24 Apr From Journalist to Octopus
We reflect on the rapidly changing media environment.
I watched the Phil Rudd trial unfold with excitement this week. His case was a story I covered closely as a journalist.
It was exciting not because I’m a fan of the former ACDC drummer and his rock star ways, but because I am obsessed with the increasing demands on journalists.
I wanted to see who broke the story first, and on which medium. Would radio and television journalists focus on their traditional ways of broadcasting or would Twitter alert the world to Rudd’s fate? Would anyone trip up while holding a microphone and a camera while trying to update a live blog at the same time? (I can’t say it didn’t happen to me.)
Rudd’s exit from the courtroom in Tauranga was to a car waiting about 20 metres away. However, that short stroll was an example of the constantly changing face of the media.
Newspaper reporters holding video cameras, radio reporters holding a microphone while trying to take photos, and TV reporters glued to their phones updating social media. This is the reality of the modern journalist.
It is no longer a job where court finishes for the day and you wander back to the office, stopping to pick up a pie, before sitting down to file a story for the late news or tomorrow’s breakfast show. The 24 hour news cycle is now 24 seconds. Social media sites like Twitter are driving a culture focused on immediacy, which means the media now need to be across more than simply their traditional medium.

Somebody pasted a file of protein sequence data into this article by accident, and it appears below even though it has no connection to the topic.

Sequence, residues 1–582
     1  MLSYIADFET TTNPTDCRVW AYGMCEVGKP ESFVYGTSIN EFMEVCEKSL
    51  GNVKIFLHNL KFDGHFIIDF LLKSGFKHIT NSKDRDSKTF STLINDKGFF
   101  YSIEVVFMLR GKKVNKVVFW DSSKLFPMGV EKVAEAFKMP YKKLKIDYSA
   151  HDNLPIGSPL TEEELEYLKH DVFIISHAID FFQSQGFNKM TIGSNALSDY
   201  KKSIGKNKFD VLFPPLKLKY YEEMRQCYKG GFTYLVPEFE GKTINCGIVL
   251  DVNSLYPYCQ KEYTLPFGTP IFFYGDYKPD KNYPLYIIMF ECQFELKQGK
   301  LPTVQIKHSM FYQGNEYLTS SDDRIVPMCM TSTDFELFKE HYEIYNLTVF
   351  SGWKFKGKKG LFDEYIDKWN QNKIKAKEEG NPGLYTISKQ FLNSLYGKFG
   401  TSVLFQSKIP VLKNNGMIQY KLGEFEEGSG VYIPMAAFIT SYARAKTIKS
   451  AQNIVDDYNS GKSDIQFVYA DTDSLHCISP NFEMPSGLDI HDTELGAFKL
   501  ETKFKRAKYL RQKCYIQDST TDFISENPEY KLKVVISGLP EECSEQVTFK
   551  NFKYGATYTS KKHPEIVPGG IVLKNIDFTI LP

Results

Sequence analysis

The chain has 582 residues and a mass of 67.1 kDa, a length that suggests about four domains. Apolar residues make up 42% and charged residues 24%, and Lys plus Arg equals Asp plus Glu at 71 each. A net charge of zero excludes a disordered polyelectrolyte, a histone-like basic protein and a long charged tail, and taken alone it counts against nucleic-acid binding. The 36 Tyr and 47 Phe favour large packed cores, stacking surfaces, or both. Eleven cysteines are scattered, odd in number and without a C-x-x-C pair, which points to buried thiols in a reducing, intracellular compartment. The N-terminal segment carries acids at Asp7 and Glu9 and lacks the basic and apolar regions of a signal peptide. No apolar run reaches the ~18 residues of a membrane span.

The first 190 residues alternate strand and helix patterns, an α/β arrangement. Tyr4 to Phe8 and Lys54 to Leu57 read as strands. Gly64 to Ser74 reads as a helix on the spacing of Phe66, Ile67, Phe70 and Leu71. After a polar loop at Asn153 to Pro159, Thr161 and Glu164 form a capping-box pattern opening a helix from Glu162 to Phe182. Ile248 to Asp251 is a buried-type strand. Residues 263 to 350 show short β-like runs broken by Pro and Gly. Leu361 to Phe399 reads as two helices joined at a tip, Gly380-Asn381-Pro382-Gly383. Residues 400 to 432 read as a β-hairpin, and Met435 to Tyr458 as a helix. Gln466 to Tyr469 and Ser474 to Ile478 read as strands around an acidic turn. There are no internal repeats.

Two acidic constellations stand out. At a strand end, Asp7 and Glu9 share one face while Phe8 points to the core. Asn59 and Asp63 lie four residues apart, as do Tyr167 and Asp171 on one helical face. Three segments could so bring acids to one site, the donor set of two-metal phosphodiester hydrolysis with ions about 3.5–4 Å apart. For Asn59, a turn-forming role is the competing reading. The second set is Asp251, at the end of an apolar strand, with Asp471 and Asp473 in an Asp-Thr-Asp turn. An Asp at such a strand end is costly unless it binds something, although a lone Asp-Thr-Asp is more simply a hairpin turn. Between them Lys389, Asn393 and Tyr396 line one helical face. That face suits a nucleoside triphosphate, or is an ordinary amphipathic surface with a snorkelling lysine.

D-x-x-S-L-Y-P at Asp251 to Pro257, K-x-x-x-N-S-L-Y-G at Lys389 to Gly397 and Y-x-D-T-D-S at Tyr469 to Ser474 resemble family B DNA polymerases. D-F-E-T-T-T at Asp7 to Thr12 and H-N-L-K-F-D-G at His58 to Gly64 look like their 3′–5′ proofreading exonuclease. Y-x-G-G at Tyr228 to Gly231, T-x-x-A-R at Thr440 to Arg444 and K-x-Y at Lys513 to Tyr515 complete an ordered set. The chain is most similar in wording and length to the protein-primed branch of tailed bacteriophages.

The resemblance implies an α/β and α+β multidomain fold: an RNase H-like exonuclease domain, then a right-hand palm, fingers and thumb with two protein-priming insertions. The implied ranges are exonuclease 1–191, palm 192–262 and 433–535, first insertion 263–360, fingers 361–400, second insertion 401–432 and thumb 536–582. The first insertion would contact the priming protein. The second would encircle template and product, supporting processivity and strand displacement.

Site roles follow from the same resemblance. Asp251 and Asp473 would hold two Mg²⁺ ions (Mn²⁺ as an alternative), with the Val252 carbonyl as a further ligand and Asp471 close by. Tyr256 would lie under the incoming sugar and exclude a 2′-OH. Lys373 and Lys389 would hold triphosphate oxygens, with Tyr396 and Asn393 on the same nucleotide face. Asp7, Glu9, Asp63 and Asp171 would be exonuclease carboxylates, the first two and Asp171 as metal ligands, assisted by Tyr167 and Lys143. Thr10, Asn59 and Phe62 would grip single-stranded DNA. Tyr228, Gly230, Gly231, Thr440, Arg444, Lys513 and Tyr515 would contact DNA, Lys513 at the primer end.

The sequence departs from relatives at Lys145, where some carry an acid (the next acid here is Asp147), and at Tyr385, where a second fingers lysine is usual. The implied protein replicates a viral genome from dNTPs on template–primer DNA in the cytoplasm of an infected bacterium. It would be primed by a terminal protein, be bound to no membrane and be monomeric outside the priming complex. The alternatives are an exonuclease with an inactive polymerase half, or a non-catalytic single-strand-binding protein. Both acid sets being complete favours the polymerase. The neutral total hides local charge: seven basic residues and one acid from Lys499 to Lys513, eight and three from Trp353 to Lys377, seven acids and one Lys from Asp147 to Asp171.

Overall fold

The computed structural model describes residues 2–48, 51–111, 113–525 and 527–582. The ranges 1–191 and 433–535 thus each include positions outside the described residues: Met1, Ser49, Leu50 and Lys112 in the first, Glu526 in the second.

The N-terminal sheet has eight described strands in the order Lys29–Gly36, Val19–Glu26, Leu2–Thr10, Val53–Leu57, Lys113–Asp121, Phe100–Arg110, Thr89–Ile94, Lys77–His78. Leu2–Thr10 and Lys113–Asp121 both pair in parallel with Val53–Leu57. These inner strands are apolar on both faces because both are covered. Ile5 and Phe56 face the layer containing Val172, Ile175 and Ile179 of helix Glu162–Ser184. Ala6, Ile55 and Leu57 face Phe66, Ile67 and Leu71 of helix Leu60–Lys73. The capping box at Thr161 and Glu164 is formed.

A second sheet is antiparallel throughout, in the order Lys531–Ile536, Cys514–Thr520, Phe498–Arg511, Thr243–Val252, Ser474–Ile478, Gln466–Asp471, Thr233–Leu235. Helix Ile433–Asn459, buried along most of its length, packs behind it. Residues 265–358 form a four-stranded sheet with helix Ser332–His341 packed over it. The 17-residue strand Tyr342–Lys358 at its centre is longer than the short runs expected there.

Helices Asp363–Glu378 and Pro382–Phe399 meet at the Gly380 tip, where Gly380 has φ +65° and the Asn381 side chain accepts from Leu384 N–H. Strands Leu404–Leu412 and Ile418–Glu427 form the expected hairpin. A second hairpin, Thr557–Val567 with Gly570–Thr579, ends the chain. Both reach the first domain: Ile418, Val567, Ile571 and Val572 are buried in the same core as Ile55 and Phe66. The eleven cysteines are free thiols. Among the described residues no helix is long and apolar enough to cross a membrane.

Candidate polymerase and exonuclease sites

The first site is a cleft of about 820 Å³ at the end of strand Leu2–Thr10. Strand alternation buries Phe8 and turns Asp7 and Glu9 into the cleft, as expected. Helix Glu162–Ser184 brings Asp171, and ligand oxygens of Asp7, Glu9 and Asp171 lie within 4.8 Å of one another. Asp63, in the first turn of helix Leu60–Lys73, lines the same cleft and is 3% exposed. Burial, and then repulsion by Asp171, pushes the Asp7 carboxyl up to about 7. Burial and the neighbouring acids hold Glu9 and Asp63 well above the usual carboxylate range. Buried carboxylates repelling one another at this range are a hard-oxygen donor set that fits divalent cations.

I liken the modern day journalist to an octopus, with several arms holding various pieces of equipment. They are trying to feed several beasts at the same time. Constantly moving and changing, and constantly updating.
A simple retweet on Twitter could now boost the audience of that story from one person to thousands, and potentially hundreds of thousands of people, in a matter of seconds.
Add to that, being a multi-media journalist not only means a more hectic day but even more opportunity to make a mistake – the one thing every writer dreads.
While newsrooms are still working out how this is sustainable, those on the other end of the microphone, camera lens or newsfeed need to consider how this immediate news cycle affects them.
If you are engaging with the media, it’s important that your messaging is clear and simple. Sharing a 150 page document with a journalist who is under pressure is not helpful. Sharing 150 words is. The more concise and upfront you can be, the easier it will be to get your message across.
Being prepared is now more important than ever. It’s likely that you’ll know many of the questions journalists will ask – yet many businesses don’t prepare for them. They should.
Thankfully for journalists covering the story this week, Phil Rudd pleaded guilty. His show was over in 30 minutes. That might have left six hours for at least another story, several tweets and possibly a pie.